By Tim Montgomerie
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Yesterday we published the first of ten picks of 2012 – as chosen by ConHome readers. Jesse Norman won the backbencher of the year award.
Our second award goes to the Yellow B**tard of the year. The name for this award is taken from a meeting of the 1922 Committee when one or two Tory MPs decided to vent against Lib Dem obstructionism. There was a time when Nick Clegg was at the bottom of the Yellow B**tard League but, to the certain disappointment of Lord Oakeshott, no longer. Asked to vote for Yellow B**tard of 2012 and the Lib Dem leader was the clear winner…
There are many reasons for Nick Clegg's growing unpopularity in Tory ranks. Once an asset to the Government – supporting deficit reduction and welfare reform, for example – he has become an increasing drag on the Coalition and the Conservative Party for at least three key reasons:
- His personal unpopularity – YouGov's Peter Kellner called the Deputy PM "toxic" on today's World at One and this toxicity doesn't just hamper the Liberal Democrats but it hampers the whole Government. One Tory MP likens Mr Clegg to "a contagious disease that infects the whole governing enterprise… it's like the whole ship is weighed down by the sinking Lib Dem leader and unable to get up any speed". Every time he appears on TV or radio voters are reminded of his broken promise on tuition fees.
- His internal weakness – no senior Tory I speak to expects Clegg to still be leader of his party by the time of the next election. The view is that only a miracle can restore a semblance of electability. His apology video (now watched by 2.2 million people on YouTube) – insofar as it was noticed at all – turned him into a laughing stock. Clegg's authority in his party is largely spent and that makes it difficult for him to get his colleagues to sign up to any serious reforms. There have been moments in 2012 – such as on the new GCSE or 'Gove-Level' – where the Coalition recovered some of its early rose garden promise but these moments are now exceptional rather than normal. It is far from clear that unity can be maintained in 2013 when long-delayed cuts to current rather than capital government programmes are due to be inked into the ledger.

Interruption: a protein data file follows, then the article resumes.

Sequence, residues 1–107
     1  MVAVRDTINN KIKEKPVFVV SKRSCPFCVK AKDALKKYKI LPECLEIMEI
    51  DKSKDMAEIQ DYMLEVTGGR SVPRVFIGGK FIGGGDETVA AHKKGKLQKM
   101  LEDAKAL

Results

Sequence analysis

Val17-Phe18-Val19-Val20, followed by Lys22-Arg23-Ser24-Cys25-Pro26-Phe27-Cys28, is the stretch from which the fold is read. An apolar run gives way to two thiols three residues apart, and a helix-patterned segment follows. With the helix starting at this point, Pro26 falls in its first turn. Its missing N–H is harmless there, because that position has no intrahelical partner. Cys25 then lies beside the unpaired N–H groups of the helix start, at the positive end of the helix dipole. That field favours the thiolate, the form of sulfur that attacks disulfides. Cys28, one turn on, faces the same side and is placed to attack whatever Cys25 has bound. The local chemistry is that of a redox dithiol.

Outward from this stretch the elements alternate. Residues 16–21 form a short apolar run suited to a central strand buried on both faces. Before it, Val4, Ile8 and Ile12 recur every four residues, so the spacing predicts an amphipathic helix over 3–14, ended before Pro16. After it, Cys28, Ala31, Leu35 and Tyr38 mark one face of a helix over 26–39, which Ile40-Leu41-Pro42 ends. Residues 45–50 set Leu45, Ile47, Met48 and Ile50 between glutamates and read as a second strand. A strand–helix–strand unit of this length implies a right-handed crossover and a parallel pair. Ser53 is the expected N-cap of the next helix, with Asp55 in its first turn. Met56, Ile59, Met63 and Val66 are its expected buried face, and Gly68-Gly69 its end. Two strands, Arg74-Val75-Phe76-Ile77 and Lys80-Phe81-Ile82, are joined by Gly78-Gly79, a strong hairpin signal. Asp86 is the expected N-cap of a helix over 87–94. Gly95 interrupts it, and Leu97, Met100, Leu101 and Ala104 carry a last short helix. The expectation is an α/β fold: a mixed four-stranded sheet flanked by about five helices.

- His retoxification of the Tory brand – For the moment the Tory leadership indulges his constant attacks on the Conservative Party (last week it was welfare, this week it's Europe) – noting that (1) they are necessary to avoid an early leadership challenge from angry Lib Dems; (2) that they are not boosting Lib Dem fortunes; but (3) are playing an unhelpful role in retoxifying the Conservative Party. Most senior Conservatives hope that Clegg is replaced by a left-leaning Lib Dem like Tim Farron or Vince Cable before the next election. Only a Farron or Cable, they believe, can win back some of the left-wing votes that have heamorraghed from the Lib Dems to Labour and are producing the 'Gettleston Effect' which will see second-placed Labour candidates out poll incumbent Tory MPs without having to even lift a finger.
Pete Hoskin has offered an alternative view of Nick Clegg, describing him "one of the few evangelical public service reformers". Pete's is increasingly a minority view – even amongst Cameron's closest advisers after his boundary review U-turn.